Participants in the Summer Internship for Native Americans in Genomics will receive hands-on training using state-of-the-art laboratory equipment and analytical programs at the Institute for Genomic Biology on the U. of I.’s Urbana campus.

University of Illinois Introduces Genomics to American Indian Students

ICTMN Staff
2/23/11

American Indian students will be able to explore genetic research and have discussions with leading scientists about issues relevant to their communities at the Summer Internship for Native Americans in Genomics (SING), a six-day workshop at the University of Illinois.

According to the U. of I. press release, 20 students will attend the workshop being held July 10-16 at the Urbana campus.

The workshop’s organizer Ripan Malhi, a professor of anthropology and of animal biology at Illinois, pointed to recent legal cases in the release that “may foster the misimpression that Native Americans are anti-science or that there have been no positive collaborations among Native communities and researchers.”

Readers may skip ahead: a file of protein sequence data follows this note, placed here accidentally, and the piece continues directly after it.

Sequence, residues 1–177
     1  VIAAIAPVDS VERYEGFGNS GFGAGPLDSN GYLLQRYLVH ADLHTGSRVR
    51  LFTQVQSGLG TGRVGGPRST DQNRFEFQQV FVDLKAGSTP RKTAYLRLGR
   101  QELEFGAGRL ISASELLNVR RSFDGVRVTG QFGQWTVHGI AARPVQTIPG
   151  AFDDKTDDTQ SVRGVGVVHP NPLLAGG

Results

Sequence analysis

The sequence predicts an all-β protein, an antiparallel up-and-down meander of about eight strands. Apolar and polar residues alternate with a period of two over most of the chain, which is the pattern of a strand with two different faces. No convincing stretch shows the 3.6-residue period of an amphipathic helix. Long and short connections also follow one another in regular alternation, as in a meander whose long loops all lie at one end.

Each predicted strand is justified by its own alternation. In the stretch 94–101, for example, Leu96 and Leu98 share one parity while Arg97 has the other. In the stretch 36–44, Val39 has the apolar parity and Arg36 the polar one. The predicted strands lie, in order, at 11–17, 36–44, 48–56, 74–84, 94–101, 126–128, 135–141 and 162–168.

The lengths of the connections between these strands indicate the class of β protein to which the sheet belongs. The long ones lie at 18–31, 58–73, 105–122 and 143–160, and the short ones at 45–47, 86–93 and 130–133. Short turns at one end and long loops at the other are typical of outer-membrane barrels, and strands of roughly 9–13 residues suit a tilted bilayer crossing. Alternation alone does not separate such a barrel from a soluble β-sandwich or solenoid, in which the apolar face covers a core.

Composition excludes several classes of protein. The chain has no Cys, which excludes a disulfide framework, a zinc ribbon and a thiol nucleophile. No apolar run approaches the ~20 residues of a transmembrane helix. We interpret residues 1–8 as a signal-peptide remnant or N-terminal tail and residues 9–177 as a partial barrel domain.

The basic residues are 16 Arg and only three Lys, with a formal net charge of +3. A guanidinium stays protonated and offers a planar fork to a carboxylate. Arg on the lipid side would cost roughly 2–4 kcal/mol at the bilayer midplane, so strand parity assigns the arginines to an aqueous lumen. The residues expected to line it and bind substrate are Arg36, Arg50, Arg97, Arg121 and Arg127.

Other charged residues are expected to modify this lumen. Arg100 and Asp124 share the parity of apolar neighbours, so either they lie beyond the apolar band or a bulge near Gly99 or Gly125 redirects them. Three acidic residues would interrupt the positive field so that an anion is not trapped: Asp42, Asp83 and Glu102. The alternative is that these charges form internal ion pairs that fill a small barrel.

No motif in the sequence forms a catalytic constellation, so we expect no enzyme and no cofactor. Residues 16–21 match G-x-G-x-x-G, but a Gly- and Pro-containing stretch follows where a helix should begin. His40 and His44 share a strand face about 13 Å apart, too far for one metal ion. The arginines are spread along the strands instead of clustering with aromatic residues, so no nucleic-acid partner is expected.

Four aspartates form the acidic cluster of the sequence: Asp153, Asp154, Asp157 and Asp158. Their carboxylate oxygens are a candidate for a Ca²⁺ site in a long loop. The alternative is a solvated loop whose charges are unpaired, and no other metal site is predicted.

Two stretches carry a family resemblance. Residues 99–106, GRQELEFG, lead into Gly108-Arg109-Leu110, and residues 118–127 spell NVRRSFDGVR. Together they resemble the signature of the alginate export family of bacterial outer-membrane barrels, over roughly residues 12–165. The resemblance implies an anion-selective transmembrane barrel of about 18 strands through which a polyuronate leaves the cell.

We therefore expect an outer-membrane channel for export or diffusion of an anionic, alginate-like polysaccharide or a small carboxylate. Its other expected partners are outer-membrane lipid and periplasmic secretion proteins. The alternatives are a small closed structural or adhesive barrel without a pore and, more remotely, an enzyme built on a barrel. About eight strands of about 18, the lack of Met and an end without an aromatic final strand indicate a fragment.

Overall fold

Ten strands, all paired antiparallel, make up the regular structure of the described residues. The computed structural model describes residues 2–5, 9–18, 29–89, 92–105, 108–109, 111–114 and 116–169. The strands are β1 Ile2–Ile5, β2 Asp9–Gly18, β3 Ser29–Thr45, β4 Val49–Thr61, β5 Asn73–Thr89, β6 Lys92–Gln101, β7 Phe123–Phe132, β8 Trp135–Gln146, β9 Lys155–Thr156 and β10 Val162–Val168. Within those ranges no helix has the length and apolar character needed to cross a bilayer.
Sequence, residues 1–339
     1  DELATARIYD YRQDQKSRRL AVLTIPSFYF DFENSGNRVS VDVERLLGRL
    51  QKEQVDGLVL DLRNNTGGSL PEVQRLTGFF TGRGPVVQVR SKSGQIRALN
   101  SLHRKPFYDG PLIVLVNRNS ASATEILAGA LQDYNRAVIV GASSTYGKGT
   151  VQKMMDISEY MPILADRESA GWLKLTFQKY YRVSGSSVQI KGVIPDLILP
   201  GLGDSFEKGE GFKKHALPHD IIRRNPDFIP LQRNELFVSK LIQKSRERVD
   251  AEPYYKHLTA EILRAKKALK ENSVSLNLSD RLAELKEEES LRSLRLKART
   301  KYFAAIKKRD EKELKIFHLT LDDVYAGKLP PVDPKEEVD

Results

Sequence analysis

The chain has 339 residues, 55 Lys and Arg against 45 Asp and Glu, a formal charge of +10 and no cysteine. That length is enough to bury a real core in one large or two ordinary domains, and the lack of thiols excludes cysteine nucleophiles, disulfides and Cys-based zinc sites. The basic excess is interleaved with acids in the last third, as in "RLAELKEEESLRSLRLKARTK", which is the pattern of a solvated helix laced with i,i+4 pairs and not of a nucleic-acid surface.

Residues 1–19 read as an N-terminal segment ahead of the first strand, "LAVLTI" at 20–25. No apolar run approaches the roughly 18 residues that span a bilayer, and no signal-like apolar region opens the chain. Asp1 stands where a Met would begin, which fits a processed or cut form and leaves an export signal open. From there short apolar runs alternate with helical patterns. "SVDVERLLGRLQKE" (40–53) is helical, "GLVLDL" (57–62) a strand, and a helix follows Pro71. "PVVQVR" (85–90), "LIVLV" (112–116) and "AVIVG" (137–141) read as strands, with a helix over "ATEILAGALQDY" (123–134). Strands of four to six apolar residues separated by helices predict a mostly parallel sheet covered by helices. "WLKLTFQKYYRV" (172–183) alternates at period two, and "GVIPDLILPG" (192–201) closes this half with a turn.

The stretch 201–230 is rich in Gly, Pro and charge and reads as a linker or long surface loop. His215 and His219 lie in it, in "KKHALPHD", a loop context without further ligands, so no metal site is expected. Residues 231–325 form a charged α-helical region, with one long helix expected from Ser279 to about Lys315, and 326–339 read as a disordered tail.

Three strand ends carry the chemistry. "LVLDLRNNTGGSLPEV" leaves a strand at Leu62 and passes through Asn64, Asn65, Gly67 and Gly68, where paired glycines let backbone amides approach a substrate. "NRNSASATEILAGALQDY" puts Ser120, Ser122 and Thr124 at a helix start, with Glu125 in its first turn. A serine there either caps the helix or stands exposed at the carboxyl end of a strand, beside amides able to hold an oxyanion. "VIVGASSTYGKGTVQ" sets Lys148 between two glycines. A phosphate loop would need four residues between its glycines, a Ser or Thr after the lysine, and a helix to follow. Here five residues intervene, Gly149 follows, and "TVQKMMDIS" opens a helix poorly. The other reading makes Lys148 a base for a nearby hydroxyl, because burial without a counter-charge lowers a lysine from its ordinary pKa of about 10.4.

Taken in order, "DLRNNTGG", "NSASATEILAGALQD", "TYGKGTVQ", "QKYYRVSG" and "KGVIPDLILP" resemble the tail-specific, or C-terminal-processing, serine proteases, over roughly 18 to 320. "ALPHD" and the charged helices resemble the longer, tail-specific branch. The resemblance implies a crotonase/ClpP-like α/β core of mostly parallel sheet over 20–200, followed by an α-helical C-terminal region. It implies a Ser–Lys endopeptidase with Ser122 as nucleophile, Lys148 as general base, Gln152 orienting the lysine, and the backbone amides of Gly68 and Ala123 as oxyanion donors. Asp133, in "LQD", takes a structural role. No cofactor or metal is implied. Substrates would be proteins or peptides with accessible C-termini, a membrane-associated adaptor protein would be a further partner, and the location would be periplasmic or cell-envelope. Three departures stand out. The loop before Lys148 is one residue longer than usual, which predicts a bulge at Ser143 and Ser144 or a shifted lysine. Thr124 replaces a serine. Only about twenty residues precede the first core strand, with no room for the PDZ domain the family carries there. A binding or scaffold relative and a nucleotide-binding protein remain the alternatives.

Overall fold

One of the cases he sited was the Havasupai Tribe’s lawsuit against Arizona State University over the misuse of blood samples given in the 1990s for diabetes study. According to an April 22, 2010 story on statepress.com the blood samples were also used for research on schizophrenia and inbreeding.

“The Arizona State officials came onto the reservation and told us they could help find a solution to diabetes,” Carletta Tilousi, Havasupai tribe member and lead plaintiff, was quoted as saying on the website. “Since diabetes plagues our community, my people were willing to give blood for that research, but once they obtained the samples, they were used for other research as well—research that calls into question our creation and religious beliefs.”

Malhi said in the U. of I. release that he’s had many positive working relationships with American Indian communities, but he’s also had experiences where Native people didn’t trust him because of past bad experiences.

“Such situations need to be avoided, and the best way to do that is to have individuals within the community that can perform these types of studies on their own,” Malhi said in the release. “And if they need to collaborate with outside scientists, it’s not a situation where the outside research has all the scientific knowledge.”

And that is the goal of this workshop. Native students—who can provide ancestry documentation—are eligible to apply by March 15. A 200-word summary of the student’s education, a curriculum vitae and a 500-word essay are also required.

For more information and to apply visit www.igb.illinois.edu/conference/sing.

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